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I am trying to write a regex to match a particular line and perform action on the line below it . Reading the file a.txt The contents of a.txt

I am from Melbourne .

Aussie rocks   #The text can be anything below the first line

I am writing a regular expression to read the file a.txt and trying to replace the text below line 1. Snippet :-

open($fh,"a.txt") or die "cannot open:$!\n";
 if($_=~/^I am from\s+.*/){
   #I have to replace the line below it .

Can anyone please help me. I just have to replace a line below the line that matches my regex with an empty line or anything . $line =~ s/<Line below line1>//; . How can I do that .?

share|improve this question
Replace with what? Can you please add the expected output. Thanks. –  Aziz Shaikh Jan 7 '14 at 10:36
Replace it with anything . Preferably an empty line –  Newbie Jan 7 '14 at 10:38
I think sed could be quicker and simplier, for this jobs: sed -e '/^I am from /{N;s/\n.*$/\nNothing or else../}' <a.txt –  F. Hauri Jan 7 '14 at 11:12

2 Answers 2

up vote 1 down vote accepted

There are a variety of ways.

Read the next line in the loop:

while (<$fh>) {
  if (/^I am from/) {
    <$fh> // die "Expected line";  # discard next line
    print "Foo Blargh\n";          # output something else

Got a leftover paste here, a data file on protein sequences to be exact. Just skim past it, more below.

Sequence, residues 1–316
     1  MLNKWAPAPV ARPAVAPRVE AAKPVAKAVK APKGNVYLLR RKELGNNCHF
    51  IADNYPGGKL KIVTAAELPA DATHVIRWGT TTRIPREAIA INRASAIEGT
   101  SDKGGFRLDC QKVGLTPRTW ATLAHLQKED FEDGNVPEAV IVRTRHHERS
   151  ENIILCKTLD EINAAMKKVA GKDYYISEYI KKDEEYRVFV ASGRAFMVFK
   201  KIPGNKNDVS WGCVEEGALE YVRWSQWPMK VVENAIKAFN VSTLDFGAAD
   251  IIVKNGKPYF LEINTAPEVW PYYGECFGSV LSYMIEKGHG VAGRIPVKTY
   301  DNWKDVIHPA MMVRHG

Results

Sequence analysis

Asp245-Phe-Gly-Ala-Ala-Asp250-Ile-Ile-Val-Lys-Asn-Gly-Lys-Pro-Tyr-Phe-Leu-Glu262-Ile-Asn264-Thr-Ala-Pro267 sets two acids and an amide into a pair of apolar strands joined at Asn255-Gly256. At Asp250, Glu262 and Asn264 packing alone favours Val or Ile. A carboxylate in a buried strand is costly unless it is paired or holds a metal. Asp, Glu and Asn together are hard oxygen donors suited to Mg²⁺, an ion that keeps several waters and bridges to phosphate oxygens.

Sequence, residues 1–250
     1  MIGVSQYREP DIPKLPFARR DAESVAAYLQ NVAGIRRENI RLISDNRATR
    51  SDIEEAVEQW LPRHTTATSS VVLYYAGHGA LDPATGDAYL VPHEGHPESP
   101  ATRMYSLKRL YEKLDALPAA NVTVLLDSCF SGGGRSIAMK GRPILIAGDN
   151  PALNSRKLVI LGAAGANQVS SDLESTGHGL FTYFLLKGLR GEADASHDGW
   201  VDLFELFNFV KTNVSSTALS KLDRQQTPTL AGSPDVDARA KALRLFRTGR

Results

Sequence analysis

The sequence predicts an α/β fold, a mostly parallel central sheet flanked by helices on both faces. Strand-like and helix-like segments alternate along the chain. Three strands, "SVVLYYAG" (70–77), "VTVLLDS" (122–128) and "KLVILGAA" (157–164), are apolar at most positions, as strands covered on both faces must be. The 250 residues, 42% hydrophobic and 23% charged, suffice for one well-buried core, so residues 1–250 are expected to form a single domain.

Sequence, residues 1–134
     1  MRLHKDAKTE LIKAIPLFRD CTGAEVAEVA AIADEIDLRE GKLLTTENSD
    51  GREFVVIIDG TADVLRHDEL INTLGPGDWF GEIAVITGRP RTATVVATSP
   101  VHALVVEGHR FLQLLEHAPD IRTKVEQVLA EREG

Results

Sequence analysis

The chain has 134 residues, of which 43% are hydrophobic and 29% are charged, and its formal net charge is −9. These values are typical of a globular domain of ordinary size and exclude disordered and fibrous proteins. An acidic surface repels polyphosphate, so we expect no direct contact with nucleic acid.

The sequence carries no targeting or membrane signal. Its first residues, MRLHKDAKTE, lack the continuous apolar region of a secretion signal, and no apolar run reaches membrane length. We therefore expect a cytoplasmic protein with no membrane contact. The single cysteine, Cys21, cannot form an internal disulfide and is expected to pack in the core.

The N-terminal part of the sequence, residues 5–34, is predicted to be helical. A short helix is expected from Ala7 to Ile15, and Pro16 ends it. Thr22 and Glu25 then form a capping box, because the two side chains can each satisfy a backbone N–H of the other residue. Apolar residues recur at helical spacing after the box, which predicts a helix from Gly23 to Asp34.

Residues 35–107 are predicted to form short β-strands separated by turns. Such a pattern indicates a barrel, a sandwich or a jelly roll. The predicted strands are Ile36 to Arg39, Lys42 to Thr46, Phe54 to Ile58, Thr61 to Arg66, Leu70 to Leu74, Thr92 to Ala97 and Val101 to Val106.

which is my preferred solution.

Use a flag:

my $replace = 0;
while (<$fh>) {
  if ($replace) {
    print "Foo Blargh\n";
    $replace = 0;
  else {
    $replace = 1 if /^I am from/;

Slurp the whole input:

my $contents = do { local $/; <$fh> };
$contents =~ s/^I am from.*\ņ\K.*/Foo Blargh/m;
print $contents;

That regex needs an explanation: ^ matches a line start under /m. .*\n matches the rest of the line. \K doesn't include the preceding pattern in the matched substring. The .* matches the next line, which is then replaced by Foo Blargh.

share|improve this answer
open(my $fh, "<", "a.txt") or die $!;

my $replace;
  $_ = "\n" if $replace;
  $replace = /^I am from.*/;

or by reading file at once,

open(my $fh, "<", "a.txt") or die $!;
my $str = do { local $/; <$fh> };

$str =~ s/^I am from.*\n \K .*//xm;
print $str;
share|improve this answer
Nitpick: Your two solutions are not equivalent. #2 will skip empty lines after the initial line, whereas #1 does not. I.e. in #1, the \s+.* in the pattern is irrelevant. –  amon Jan 7 '14 at 10:49
@amon good catch –  Сухой27 Jan 7 '14 at 10:52

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